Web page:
WAMU 88.5 : Metro Connection

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This Week On Metro Connection: Crack, The Drug That Consumed D.C.

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Washington, D.C. is in the midst of major change — its population is growing, new high-rise buildings can be seen across the city, and the homicide rate is at historic lows. But 25 years ago, dealers sold crack at hundreds of open-air drug markets, addiction swept across entire neighborhoods, and the city came to be known as the "Nation's Murder Capital." In this five-part series, WAMU 88.5 explores the legacy of that era and how D.C. continues to grapple with an epidemic that affected families, neighborhoods, politicians, policemen, and schools.

Crack’s Rapid Rise Brought Chaos To The District

For years, powdered cocaine was D.C.'s drug of choice, but when crack hit the streets, the city was afflicted by levels of addiction and violence that caught residents, police and politicians by surprise. Read more »

D.C. Crack Users Were In the Streets – And City Hall

As D.C.'s police and politicians responded to the crack epidemic, the man charged with leading the fight — Mayor Marion Barry — became a user himself. Read more »

Crack-Addicted Mothers Gave Up Everything – Even Kids

Crack's allure was so powerful that families were torn apart and mothers were driven to abandon their children. Read More »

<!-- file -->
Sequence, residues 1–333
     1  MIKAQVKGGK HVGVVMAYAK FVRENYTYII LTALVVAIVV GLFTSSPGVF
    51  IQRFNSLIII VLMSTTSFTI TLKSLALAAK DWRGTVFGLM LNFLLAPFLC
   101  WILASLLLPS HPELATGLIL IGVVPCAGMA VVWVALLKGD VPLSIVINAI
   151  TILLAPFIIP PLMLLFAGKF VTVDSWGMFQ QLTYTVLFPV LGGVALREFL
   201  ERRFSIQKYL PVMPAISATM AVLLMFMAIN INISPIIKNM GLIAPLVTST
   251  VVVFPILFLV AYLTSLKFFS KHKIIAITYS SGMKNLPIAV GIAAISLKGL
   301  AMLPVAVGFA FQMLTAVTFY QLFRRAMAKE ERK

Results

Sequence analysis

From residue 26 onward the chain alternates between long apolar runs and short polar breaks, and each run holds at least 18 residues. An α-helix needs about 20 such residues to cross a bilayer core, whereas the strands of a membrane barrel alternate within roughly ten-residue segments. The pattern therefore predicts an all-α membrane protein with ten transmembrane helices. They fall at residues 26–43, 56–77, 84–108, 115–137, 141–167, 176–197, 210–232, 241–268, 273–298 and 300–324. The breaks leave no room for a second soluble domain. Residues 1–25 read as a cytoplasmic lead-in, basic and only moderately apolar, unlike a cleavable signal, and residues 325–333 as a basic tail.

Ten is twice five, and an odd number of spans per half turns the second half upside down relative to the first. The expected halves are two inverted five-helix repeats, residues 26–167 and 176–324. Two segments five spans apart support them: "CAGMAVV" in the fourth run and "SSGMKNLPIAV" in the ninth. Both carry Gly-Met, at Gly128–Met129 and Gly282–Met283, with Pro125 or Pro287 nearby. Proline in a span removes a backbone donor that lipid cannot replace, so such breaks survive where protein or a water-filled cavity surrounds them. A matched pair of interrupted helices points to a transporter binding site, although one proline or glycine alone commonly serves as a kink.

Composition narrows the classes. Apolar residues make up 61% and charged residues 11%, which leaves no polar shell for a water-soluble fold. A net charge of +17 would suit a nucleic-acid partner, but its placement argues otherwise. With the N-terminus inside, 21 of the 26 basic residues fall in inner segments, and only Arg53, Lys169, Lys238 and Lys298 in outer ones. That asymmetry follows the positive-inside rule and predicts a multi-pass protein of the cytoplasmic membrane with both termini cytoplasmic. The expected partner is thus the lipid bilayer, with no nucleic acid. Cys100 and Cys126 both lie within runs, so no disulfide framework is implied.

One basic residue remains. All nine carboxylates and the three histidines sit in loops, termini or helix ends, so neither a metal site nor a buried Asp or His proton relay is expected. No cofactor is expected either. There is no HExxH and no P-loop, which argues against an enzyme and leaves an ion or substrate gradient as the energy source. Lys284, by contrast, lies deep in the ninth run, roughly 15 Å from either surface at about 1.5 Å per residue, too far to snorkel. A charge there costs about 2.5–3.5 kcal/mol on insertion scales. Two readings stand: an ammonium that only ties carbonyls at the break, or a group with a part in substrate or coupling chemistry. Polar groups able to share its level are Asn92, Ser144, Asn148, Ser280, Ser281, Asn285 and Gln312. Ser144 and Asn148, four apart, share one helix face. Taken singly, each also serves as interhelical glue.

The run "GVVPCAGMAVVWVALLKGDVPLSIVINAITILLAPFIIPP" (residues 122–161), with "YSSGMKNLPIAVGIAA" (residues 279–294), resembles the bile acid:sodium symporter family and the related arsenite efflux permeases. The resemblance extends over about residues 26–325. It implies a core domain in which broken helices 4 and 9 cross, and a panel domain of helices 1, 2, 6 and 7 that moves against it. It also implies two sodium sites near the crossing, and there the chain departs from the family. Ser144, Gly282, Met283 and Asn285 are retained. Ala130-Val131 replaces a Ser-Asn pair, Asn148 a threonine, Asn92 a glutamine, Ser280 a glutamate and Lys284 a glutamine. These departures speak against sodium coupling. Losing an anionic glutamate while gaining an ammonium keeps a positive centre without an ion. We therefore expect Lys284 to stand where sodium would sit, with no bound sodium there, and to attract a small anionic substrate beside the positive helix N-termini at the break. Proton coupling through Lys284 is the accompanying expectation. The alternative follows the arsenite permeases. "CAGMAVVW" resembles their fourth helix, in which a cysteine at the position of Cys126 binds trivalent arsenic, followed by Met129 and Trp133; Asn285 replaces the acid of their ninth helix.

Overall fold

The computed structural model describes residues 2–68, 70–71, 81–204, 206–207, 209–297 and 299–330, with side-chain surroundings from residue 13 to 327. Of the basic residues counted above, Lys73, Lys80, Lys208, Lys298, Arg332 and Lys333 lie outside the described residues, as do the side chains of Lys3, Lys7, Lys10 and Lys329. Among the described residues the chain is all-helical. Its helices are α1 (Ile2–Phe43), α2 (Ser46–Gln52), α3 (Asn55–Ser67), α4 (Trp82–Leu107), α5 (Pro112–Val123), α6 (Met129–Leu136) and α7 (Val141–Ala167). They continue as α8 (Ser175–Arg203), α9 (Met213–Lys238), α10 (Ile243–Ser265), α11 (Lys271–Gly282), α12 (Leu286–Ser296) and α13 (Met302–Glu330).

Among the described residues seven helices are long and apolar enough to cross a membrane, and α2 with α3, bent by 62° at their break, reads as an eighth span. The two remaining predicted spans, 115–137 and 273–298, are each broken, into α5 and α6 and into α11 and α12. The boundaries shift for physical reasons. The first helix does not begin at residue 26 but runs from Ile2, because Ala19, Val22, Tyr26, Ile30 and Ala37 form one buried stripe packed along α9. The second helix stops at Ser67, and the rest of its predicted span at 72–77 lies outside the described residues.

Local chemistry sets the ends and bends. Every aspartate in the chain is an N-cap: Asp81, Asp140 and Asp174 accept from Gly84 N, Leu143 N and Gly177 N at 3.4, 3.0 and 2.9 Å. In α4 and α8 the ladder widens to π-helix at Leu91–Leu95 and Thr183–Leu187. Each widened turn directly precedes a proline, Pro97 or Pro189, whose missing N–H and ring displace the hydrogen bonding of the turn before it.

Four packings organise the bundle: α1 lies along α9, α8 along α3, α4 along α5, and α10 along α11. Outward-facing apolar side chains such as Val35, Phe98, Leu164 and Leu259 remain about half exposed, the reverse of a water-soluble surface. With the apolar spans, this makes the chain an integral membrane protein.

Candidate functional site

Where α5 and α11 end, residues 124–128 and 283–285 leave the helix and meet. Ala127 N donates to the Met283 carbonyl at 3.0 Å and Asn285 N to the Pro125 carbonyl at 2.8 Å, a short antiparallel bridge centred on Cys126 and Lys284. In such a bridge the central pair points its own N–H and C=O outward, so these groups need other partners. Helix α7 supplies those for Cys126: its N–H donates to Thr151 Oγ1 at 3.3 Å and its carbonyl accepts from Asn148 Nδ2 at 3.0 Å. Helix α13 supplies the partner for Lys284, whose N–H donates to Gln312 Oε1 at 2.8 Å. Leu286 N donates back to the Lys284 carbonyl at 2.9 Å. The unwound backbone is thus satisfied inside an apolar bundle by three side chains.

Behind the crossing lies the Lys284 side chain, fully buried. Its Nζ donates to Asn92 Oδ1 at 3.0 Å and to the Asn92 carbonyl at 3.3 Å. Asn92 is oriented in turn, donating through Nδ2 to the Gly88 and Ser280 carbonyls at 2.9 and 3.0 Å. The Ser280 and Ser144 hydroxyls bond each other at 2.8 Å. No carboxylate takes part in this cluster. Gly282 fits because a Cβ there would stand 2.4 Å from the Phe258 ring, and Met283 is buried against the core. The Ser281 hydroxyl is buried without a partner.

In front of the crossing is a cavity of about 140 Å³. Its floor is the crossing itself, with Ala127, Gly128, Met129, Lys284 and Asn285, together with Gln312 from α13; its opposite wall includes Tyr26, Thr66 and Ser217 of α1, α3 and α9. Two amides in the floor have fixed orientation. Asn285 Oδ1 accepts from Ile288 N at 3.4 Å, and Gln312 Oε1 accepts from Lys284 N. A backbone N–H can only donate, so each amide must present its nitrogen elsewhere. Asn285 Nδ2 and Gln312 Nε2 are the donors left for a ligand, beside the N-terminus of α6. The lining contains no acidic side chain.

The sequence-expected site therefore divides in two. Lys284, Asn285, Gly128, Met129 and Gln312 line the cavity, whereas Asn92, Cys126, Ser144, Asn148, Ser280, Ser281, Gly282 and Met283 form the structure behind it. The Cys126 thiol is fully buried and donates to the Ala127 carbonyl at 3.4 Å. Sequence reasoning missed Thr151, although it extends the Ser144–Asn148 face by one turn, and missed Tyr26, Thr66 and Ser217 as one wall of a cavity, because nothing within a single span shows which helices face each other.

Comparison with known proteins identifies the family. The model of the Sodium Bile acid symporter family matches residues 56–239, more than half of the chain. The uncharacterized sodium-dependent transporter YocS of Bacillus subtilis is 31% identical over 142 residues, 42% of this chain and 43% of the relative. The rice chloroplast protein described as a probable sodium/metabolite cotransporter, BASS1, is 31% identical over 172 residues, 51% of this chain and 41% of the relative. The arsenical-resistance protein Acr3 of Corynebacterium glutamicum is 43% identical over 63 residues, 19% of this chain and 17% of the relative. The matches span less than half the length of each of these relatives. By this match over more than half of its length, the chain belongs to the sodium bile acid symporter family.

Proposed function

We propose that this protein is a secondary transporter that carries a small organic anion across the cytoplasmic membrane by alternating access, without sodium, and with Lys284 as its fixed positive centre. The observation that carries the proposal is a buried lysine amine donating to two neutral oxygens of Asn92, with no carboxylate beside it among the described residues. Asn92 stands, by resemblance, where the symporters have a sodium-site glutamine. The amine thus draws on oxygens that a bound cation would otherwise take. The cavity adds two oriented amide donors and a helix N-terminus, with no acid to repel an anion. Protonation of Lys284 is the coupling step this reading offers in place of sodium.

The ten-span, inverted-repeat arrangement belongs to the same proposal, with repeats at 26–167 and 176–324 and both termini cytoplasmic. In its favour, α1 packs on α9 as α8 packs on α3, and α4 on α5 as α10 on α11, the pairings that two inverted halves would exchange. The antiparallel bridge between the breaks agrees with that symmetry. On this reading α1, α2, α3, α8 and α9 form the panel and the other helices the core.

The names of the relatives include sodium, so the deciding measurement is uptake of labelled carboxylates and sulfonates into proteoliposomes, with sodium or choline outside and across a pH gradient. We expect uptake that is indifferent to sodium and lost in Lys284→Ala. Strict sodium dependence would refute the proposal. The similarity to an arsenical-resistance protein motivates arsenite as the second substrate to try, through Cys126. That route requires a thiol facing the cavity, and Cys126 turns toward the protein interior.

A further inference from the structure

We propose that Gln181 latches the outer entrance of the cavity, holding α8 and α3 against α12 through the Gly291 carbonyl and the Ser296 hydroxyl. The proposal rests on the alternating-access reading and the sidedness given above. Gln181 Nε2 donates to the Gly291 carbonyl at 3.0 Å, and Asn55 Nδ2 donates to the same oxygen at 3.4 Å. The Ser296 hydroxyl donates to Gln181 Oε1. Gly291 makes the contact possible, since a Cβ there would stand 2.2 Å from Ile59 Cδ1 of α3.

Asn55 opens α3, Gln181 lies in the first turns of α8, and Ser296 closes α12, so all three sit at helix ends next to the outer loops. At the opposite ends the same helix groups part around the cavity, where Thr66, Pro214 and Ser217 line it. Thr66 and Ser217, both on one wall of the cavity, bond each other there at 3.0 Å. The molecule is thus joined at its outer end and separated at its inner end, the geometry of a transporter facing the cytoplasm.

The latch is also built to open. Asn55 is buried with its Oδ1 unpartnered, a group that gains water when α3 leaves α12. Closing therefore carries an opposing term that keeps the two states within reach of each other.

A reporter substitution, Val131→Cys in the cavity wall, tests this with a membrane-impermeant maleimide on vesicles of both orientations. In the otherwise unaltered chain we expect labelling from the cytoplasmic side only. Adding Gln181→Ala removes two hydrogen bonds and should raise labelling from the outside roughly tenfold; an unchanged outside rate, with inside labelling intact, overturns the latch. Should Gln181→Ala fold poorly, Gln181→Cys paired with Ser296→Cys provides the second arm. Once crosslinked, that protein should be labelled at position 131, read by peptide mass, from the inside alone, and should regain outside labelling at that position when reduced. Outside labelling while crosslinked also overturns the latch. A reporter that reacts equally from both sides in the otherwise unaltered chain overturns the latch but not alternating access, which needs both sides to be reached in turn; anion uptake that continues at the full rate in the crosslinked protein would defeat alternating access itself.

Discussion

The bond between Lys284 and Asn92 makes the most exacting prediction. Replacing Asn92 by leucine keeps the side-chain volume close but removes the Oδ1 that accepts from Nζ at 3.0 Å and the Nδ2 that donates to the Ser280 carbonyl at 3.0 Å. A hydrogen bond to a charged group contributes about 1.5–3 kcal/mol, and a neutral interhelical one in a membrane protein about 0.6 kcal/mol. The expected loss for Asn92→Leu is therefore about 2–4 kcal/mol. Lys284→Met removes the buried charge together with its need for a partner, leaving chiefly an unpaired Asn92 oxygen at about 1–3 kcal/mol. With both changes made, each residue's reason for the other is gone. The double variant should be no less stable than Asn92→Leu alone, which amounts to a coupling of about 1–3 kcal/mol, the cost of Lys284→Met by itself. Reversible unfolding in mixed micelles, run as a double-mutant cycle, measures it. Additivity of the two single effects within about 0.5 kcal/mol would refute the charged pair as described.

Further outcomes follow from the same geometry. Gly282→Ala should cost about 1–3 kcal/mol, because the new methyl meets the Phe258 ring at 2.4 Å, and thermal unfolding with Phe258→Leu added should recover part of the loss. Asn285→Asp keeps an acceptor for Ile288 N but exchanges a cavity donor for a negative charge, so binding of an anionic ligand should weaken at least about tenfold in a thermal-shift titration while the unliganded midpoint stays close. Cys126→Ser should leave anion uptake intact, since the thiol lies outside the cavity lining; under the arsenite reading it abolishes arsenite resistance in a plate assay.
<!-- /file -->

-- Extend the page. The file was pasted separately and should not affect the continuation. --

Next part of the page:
D.C. Residents Caught Amid Crack’s Turf Wars

As the crack epidemic spread, residents of neighborhoods like Shaw found themselves in the middle of bloody turf battles — many waged by young men who felt they had nothing to lose. Read More »

Churches And Civic Groups Joined The Fight Against Crack

When crack-related violence engulfed D.C. neighborhoods, churches and civic groups didn't take cover — they led the charge in the fight against addiction and death. Read more »

Full Interview: NPR's Michele Norris On Dooney Waters

In 1989, Michele Norris wrote about Dooney Waters, a six-year-old whose mother was a crack addict. His story became an emblem of the impact the crack epidemic had on families. Read more »

Video: The Making Of 'Crack: The Drug That Consumed D.C.'

In this video we hear from the reporters who worked on "Crack: The Drug That Consumed The Nation's Capital," WAMU 88.5's five-part series on the crack epidemic that swept D.C. in the 1980s and 90s. Watch it »

Timeline: The Crack Epidemic In D.C.


Christopher Marlowe Credited As Shakespeare's Co-Author On Henry VI Plays

True authorship of Shakespeare has been debated for centuries. Now, the New Oxford Shakespeare edition will list Elizabethan playwright Christopher Marlowe as co-author on the three Henry VI plays, part one, two and three. NPR's Robert Siegel talks with Florida State University professor Gary Taylor, one of the general editors of the new volume.

2,500 Years Ago, This Brew Was Buried With The Dead; A Brewery Has Revived It

In an ancient burial plot in what is now Germany, scientists uncovered a cauldron with remnants of an alcoholic beverage. They teamed up with a Milwaukee brewery to re-create the recipe.
WAMU 88.5

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WAMU 88.5

AT&T’s Proposed Acquisition Of Time Warner

AT&T’s bid to acquire Time Warner: Join us to talk about what the proposed merger of the country’s second-largest wireless carrier and a major content company could mean for consumers and the future of U-S media and telecommunications.

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